Monday, December 30, 2013

"It's my Job to Pay Attention:" New Conversations in the Shifting Paradigm of Adoption

From a scrapbook my maternal
aunt made me.
The other day, I had an interesting exchange with one of my best friends.  She is not adopted.  Together, we spoke of family, life, and the holidays.  As I so often do when speaking of both of my mothers, I prefaced "mom" with each mother's first name. I have gotten into the habit of prefacing "mom" with each mother's first name for the sake of clarity.  Simply using "mom" when talking about both mothers in conversation seems to cause confusion.  People interrupt me mid-sentence, "wait, which mom?  Your real one or the other one?" so on and so forth.  The false dichotomization of mothers in adoption as "real" or "unreal" is a microaggression I try to avoid.  Apparently, I have adjusted my speech accordingly.  This friend stopped me in mid-sentence to offer commentary on my use of the word "mom," as so many people have done in the past.  However, what she said was something new and entirely different.  Something new and entirely amazing.

"Amanda, do you call your mothers by their first names?" she asked.  "Do you really think of them by their first names, or both as 'mom'?"

Monday, December 23, 2013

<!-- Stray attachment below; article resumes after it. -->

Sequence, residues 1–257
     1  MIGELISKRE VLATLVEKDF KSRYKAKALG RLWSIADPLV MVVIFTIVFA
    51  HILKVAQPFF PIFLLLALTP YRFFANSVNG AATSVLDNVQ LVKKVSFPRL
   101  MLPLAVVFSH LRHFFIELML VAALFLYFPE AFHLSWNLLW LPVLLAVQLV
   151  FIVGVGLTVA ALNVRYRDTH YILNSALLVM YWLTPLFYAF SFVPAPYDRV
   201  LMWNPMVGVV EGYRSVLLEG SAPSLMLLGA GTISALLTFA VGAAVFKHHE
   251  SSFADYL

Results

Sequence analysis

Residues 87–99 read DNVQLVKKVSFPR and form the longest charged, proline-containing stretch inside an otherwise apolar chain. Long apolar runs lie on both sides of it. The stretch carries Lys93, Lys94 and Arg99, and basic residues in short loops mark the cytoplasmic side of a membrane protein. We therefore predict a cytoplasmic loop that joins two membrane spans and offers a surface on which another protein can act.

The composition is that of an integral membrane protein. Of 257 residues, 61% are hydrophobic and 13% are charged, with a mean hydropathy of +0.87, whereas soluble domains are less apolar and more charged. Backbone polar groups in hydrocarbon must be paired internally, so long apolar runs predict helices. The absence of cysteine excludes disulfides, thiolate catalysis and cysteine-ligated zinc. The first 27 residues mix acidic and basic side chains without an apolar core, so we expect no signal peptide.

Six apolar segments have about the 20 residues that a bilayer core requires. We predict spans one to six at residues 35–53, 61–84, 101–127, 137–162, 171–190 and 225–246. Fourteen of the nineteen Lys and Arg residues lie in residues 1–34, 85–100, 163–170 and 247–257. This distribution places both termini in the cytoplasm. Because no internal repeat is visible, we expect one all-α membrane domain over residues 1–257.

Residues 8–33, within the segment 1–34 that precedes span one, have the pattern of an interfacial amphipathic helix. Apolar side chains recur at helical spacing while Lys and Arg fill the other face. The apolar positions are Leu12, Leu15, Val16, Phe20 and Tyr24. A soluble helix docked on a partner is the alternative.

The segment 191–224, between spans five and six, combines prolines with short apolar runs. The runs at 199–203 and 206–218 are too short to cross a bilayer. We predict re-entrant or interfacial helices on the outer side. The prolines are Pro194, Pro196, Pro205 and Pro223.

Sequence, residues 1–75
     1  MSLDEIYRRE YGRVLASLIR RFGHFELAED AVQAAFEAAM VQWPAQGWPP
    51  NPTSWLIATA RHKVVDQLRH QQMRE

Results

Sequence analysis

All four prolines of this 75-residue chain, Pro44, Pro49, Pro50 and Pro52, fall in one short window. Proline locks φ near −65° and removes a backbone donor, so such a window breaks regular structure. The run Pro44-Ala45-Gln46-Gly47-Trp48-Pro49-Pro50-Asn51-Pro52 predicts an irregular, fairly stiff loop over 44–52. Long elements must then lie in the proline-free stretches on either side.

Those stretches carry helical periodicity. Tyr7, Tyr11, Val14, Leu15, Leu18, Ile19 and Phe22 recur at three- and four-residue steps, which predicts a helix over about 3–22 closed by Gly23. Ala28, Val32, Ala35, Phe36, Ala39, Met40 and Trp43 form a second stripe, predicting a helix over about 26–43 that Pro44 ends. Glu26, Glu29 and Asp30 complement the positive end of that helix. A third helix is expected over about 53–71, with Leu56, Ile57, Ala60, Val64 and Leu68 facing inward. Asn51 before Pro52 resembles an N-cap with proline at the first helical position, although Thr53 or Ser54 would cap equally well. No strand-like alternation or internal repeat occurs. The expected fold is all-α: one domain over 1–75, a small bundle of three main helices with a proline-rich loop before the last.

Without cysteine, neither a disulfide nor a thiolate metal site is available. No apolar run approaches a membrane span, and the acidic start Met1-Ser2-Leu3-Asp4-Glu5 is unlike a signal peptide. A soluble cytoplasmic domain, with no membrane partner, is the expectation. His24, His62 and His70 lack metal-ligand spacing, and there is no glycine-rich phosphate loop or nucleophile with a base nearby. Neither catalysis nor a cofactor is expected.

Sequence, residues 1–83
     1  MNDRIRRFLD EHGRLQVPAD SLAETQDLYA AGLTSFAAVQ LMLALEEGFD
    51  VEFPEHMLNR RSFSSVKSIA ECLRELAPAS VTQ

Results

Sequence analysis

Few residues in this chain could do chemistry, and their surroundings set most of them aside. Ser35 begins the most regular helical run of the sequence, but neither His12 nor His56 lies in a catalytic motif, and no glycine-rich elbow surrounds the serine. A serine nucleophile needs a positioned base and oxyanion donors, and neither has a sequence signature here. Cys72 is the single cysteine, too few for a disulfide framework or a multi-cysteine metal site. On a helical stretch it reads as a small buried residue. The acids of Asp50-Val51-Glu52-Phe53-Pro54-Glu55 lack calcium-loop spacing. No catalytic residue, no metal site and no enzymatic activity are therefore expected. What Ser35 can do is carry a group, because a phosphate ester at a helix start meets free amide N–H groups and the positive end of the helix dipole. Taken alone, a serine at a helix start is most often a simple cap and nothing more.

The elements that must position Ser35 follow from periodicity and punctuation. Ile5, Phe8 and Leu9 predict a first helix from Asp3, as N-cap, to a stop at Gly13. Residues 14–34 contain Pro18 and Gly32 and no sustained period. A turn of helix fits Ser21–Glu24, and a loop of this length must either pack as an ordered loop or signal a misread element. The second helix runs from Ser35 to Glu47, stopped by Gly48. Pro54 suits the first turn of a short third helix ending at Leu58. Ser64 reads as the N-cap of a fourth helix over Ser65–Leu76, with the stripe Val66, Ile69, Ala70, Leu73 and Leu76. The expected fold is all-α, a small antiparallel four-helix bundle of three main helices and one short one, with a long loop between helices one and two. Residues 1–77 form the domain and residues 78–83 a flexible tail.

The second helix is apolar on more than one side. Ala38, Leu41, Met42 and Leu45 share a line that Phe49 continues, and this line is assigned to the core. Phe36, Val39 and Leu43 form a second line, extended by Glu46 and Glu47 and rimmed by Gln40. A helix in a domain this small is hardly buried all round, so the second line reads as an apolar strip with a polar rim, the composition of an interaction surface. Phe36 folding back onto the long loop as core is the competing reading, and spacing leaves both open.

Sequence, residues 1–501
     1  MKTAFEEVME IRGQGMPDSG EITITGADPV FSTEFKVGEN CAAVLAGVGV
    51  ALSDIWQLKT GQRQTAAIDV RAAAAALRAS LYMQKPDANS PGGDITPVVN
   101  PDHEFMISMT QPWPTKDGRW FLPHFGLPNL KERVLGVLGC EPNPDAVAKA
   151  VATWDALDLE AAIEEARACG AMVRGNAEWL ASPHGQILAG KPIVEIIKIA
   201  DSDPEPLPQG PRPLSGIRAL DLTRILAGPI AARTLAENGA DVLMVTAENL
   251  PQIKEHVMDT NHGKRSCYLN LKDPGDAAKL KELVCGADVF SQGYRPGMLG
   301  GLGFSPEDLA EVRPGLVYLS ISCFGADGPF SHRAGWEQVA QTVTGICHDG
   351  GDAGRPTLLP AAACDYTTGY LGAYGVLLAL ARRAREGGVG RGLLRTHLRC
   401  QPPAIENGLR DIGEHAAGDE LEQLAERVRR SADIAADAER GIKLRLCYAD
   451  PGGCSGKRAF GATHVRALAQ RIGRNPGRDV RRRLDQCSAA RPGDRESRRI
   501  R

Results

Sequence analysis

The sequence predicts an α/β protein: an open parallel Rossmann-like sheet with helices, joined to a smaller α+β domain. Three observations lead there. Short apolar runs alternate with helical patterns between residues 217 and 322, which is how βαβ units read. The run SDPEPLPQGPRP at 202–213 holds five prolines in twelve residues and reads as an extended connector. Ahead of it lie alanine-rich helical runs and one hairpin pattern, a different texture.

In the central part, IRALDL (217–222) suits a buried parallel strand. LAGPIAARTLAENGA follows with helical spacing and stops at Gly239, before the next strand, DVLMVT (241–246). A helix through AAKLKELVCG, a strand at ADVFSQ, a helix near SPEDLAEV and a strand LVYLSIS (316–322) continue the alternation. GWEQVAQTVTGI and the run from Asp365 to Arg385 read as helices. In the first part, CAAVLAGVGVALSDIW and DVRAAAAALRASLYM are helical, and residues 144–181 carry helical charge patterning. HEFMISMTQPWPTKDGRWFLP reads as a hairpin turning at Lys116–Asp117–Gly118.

Caring for the Adoptees in our Lives During the Holidays by Honoring their Definition of Family

A holiday photo card for you, featuring an image
of a gift to me from my original mother.
Have you ever had one of those moments when someone says something to you that sums up an ocean of your own thoughts in just one sentence?  I will never forget the moment in undergrad when one of my favorite professors gave a short lecture on what's called the "strengths perspective."  The strengths perspective identifies acknowledges that all people have strengths that can be used to help them overcome problems.  By pathologizing someone instead--choosing to see deficits or assuming the worst of a person--we alienate them from their sources of strength.  We also alientate them from ourselves when we could potentially be a source of strength for each other.  Then he said it, the line I will never forget.  "Be careful not to define 'family' too narrowly for someone else.  Family is a source of strength for many people."

Yes, I thought.  That.

The title version of this post title could be: "Caring for the Adoptees (and anybody) in our Lives During the Holidays (and everyday) by Honoring their Definition of Family (and their experience in life in-general).  I say this because every person needs and deserves respect for their family and the story of their family.  Being in the midst of the holiday season at this time, I am reminded of how intense the topic of family can be for those of us in the adoption community (and anywhere) during the winter holiday season.